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Workplace Safety Survey Shows Communication Issues are Placing Employees at Risk

Framingham, MA-based Rave Mobile Safety has published the results of its annual workplace safety and preparedness survey. The report shows that while preparedness for emergency is better than in 2017, there is still considerable room for improvement, especially in healthcare and education.

The survey was conducted on 540 full time employees in the United States across several industries. The aim of the survey was to identify trends in emergency planning, obtain the views of employees about workplace safety, and find out more about the efforts that have been made to ensure effective communication in the event of an emergency and alert employees at risk.

The survey shows companies are increasingly developing plans for modern emergencies, such as active shooters, workplace violence, and cyberattacks and system outages. However, greater effort is required to ensure that emergency plans are communicated to employees.

Some 20% of workers were unaware of emergency plans for cyberattacks and system outages and 18% of workers were unaware of the emergency plan for active shooters and workplace violence. Figures from the National Safety Council indicate around 2 million individuals are victims of violence in the workplace every year and workplace violence is the third main cause of workplace deaths in the healthcare industry. Worryingly, 37% of women were unaware of workplace violence emergency plans, even though workplace violence is the second leading cause of death for women in the workplace.

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Planning for emergencies is essential, but so too is testing emergency plans to make sure they are effective. Many companies have developed emergency plans yet have not tested them to make sure they work. 53% of surveyed employees said workplace violence plans were never tested and 55% said emergency plans for cyberattacks were never tested, even through there is a significant risk of both types of attack occurring.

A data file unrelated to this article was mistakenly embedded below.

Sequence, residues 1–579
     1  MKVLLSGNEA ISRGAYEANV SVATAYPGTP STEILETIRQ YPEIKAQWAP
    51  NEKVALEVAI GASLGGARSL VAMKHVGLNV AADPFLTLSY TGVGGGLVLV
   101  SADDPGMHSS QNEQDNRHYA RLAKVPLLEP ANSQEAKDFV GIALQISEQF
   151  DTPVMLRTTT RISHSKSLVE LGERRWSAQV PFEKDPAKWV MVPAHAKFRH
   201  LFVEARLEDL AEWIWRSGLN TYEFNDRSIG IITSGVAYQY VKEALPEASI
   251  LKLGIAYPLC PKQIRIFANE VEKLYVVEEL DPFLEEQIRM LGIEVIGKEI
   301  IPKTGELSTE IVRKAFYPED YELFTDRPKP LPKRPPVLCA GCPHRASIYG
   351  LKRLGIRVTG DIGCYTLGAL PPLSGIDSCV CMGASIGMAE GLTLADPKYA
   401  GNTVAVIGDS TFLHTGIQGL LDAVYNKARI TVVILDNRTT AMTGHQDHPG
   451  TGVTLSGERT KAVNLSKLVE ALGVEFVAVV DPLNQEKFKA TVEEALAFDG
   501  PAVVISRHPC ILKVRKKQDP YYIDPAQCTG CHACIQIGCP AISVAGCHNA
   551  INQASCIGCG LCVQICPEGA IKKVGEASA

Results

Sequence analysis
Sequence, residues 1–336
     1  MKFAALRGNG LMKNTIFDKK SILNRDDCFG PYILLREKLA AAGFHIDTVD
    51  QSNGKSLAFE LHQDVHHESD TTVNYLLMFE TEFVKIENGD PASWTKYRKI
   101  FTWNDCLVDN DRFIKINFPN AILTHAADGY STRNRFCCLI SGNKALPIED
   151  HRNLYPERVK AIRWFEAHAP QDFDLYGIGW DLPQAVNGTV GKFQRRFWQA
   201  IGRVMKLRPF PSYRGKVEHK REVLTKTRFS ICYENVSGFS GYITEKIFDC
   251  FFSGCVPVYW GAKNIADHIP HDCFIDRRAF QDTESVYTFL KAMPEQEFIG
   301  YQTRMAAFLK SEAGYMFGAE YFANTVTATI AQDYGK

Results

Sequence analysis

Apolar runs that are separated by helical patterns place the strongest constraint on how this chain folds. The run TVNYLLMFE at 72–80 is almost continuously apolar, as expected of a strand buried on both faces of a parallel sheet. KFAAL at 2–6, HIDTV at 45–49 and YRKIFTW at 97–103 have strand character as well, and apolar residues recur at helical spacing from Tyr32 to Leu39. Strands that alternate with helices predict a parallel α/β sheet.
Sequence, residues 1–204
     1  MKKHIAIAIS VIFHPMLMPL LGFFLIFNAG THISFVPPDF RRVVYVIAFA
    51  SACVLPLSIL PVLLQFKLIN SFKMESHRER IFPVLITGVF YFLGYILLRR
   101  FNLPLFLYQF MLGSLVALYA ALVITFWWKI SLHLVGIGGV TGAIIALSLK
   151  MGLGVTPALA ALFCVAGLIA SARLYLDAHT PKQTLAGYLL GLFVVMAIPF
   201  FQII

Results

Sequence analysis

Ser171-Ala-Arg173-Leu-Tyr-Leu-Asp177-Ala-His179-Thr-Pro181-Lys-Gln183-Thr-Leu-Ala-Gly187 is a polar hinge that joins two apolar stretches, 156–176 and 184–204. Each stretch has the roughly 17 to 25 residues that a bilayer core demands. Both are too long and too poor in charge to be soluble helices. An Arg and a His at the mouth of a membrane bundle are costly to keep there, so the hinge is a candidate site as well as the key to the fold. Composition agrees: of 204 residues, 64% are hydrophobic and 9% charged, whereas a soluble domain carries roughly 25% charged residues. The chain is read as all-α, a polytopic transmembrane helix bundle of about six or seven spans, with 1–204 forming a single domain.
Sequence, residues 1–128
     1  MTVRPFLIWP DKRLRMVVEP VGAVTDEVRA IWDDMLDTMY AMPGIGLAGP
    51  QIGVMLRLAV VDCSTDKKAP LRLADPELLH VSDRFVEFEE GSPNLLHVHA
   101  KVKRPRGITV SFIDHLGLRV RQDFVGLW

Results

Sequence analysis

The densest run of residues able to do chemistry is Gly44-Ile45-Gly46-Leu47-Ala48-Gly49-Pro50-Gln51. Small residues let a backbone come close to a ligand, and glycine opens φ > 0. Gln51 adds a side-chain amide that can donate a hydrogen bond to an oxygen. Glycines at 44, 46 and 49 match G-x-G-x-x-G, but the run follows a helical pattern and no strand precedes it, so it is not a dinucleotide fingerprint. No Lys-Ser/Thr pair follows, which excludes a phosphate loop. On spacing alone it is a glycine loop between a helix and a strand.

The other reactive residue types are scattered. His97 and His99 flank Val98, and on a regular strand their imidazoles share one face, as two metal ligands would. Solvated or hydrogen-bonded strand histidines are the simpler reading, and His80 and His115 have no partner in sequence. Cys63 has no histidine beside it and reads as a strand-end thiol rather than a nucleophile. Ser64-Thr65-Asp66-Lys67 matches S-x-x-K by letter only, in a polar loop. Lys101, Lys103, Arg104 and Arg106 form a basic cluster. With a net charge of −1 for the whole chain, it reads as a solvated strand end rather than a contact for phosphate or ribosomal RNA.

The survey revealed traditional methods of communication in emergencies are in decline and many companies are now turning to mobile technology such as text messages and apps to communicate in emergency situations. Email is still the leading communication channel in emergencies, even though communication is slower than text messages and apps and in the event of a cyberattack, email may be taken out of action.

55% of companies used email to communicate with employees in emergency situations, even though only 11% of employees said they prefer this method of communication. Text message alerts were preferred by 50% of employees, yet only 44% of companies send text messages to alert employees about emergency situations.

“The survey gives great insight into how employees feel about their level of safety at work in the event of a possible emergency situation, but also demonstrates the disconnect that still exists between the communications channels employers use to inform their employees during emergencies and the way employees prefer to receive this information,” said Todd Piett, CEO of Rave Mobile Safety.

Author: Steve Alder is the editor-in-chief of HIPAA Journal. Steve is responsible for editorial policy regarding the topics covered on HIPAA Journal. He is a specialist on healthcare industry legal and regulatory affairs, and has several years of experience writing about HIPAA and other related legal topics. Steve has developed a deep understanding of regulatory issues surrounding the use of information technology in the healthcare industry and has written hundreds of articles on HIPAA-related topics.